Our efforts to rescue Sweetie seemed to be at a standstill. So, we encouraged our Indian partners to think creatively. On a recent visit to the brothel, they had witnessed Sweetie lying on cot alone, sick and terribly filthy. Something had to be done soon. They considered starting a daycare for Sweetie, Pepsi, and Mohina. They needed a location close to the brothel so that the owners could make sure the children didn’t run away. Rooms were found just outside the red light walls, but before the madam could approve the daycare, our partners bought a building for a rehabilitation home. It was their long awaited dream. We were delighted that their ministry was quickly growing, but the daycare had to be put on hold.
Some have asked why we don’t send in someone to buy or kidnap Sweetie and the other brothel babies. The answer is simple: buying babies is illegal. The person sent could possibly be arrested and put in jail. We would be listed as accomplices and guilty of human trafficking. It would end the ministry in the brothel and put our partners at risk. Organizations that buy babies are usually selling a lie. If they’re doing so, it’s done illegally and being used for sensationalism and fundraising. While buying babies used to happen in the early days of anti-trafficking, it backfired terribly. No organization of legitimacy does this today. It creates orphans.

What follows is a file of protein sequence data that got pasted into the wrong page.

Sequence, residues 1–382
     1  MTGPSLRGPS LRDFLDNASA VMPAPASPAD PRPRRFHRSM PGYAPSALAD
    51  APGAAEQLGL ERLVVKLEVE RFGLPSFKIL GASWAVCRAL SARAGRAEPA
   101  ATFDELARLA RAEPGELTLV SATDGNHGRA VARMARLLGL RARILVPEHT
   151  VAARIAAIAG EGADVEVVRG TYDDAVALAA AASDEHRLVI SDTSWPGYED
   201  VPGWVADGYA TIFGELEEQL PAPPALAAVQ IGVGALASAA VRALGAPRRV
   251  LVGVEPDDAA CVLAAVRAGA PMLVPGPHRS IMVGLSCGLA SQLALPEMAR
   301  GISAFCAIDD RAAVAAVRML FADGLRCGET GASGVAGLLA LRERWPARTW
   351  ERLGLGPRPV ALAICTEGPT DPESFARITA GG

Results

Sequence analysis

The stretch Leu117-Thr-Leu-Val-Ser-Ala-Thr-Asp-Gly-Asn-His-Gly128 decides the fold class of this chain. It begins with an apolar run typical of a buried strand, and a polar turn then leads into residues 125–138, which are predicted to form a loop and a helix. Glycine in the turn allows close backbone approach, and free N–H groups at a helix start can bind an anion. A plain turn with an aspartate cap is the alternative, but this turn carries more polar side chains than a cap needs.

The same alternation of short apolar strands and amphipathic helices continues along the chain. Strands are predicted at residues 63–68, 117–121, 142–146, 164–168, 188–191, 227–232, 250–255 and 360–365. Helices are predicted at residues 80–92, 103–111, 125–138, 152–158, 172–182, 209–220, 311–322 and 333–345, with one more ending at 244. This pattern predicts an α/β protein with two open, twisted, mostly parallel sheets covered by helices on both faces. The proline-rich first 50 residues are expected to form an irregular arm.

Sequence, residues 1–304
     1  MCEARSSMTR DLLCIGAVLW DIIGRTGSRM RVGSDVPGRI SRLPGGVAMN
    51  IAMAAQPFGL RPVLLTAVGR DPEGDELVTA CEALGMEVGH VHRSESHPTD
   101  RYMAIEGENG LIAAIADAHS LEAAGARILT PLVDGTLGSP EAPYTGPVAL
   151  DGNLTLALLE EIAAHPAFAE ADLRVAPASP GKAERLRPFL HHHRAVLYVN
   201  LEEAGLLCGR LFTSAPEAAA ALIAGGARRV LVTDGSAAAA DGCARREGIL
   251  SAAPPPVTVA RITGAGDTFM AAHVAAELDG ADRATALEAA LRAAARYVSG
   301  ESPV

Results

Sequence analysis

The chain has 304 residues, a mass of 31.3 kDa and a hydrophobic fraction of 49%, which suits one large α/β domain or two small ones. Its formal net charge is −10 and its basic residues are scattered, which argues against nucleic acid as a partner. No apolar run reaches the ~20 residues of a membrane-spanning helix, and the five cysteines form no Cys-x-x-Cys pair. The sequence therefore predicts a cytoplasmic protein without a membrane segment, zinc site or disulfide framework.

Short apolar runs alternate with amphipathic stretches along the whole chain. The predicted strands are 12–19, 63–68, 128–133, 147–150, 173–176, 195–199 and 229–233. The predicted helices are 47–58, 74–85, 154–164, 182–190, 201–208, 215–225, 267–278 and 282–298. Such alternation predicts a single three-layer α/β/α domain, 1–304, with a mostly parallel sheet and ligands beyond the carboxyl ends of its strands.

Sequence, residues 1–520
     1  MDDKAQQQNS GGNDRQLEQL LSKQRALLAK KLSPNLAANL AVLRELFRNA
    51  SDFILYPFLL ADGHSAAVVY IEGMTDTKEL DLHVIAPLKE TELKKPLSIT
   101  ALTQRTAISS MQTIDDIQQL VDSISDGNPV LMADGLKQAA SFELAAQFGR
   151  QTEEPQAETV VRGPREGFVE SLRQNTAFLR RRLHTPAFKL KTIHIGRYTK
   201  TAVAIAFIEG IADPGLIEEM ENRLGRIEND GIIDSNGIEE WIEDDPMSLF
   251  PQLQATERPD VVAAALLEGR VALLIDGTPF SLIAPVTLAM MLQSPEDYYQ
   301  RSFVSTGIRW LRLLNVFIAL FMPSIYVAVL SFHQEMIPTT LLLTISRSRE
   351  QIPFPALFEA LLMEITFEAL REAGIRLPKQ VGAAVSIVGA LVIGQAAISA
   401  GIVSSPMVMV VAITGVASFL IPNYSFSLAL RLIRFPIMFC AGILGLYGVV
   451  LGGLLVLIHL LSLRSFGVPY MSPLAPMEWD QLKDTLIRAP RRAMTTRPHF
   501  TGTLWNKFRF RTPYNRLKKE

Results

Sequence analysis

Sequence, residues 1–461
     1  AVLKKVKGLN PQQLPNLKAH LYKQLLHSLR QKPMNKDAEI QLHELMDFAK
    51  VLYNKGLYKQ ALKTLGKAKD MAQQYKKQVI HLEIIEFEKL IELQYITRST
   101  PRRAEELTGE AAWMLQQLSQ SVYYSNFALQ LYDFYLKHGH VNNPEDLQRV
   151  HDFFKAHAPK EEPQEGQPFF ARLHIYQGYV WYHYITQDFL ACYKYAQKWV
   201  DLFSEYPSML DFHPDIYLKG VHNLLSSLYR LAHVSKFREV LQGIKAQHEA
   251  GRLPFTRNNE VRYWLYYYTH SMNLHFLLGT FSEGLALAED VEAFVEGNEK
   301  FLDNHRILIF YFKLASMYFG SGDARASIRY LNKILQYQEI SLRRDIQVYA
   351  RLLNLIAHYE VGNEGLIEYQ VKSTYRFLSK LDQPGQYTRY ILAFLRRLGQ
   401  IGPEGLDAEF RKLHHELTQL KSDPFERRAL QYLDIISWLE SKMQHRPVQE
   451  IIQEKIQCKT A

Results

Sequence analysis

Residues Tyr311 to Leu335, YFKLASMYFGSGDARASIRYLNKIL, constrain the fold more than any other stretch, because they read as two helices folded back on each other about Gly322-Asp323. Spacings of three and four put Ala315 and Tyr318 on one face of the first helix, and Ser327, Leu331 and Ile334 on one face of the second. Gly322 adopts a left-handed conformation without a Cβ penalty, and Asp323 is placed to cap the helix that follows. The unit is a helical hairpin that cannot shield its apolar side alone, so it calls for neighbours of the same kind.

Sweetie still has a mother. She is not an orphan. And we won’t create one. Instead, we are trying to convince Seema, Sweetie’s mother, to leave the brothel and come to our partner’s safehouse. This seems to be the only way out. Even still, it is highly risky and fraught with difficulty. If there were a legitimate way to get this baby out, we would do it today. However, we refuse to give up on Sweetie. WAR, Int’l does not have a time limit on our help to a woman or child. She is not a “program” or “ministry”—she is a daughter. We will never give up on a daughter.